Injustice And Mismanagement In Post Colonial Africa

Injustice And Mismanagement In Post Colonial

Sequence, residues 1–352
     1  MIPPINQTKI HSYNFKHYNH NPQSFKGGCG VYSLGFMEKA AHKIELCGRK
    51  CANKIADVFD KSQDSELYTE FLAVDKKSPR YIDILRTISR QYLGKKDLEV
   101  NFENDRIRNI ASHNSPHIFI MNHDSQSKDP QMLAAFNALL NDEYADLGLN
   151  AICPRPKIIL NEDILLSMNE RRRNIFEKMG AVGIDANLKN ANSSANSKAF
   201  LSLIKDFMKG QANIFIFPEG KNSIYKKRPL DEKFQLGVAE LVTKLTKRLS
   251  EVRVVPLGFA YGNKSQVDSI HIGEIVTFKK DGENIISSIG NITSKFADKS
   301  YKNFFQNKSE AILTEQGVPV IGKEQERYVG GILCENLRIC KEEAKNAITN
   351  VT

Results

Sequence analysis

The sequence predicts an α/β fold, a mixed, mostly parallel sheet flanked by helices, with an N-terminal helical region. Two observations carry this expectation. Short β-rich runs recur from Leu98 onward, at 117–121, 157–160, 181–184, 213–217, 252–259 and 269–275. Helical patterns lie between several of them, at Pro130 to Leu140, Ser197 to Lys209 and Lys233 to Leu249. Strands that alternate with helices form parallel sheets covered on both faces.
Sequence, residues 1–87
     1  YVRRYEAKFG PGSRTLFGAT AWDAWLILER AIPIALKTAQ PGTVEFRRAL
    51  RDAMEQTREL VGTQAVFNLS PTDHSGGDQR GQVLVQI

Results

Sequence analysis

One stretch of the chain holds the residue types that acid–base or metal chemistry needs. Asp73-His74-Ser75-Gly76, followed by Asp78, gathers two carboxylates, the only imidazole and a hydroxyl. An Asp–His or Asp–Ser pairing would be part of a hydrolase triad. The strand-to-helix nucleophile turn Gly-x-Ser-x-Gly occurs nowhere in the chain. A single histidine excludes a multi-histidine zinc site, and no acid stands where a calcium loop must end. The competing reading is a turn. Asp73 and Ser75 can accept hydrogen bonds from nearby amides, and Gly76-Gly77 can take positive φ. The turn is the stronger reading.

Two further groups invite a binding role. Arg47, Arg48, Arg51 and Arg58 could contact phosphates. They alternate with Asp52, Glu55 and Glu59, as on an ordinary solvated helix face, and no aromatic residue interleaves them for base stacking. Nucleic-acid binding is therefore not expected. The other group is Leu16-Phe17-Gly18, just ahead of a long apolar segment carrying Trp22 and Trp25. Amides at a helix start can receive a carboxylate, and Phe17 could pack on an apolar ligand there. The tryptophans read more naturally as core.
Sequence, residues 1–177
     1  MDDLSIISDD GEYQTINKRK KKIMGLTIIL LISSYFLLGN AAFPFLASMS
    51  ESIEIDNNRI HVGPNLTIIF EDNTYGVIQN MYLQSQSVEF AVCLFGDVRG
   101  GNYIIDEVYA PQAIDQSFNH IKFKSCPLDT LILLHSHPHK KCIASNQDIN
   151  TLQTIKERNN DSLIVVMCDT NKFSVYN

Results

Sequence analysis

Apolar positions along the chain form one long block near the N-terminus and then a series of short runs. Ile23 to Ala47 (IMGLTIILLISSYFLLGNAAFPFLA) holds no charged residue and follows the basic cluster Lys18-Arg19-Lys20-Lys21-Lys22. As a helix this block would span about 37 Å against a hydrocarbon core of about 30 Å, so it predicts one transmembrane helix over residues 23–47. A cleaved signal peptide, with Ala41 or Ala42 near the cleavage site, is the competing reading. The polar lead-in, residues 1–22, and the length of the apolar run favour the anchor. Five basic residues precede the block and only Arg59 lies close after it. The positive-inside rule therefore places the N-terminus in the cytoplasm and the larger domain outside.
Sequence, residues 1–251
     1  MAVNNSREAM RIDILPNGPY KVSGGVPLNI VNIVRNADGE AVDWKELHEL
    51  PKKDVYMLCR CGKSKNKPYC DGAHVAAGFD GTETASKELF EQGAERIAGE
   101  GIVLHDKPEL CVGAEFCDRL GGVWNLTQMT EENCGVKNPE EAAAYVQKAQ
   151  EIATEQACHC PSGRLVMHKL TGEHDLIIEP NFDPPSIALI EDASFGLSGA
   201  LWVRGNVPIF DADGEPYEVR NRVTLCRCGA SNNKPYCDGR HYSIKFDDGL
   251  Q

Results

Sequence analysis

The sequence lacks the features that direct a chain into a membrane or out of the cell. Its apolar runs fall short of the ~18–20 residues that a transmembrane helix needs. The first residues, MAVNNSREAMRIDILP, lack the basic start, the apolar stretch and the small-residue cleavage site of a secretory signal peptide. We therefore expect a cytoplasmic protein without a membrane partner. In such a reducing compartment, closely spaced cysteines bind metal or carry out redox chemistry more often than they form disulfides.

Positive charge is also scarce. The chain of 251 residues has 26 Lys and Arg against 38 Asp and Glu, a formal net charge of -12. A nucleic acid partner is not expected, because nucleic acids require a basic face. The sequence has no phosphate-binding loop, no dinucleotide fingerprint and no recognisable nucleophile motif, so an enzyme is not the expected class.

The Impact of Colonization in Africa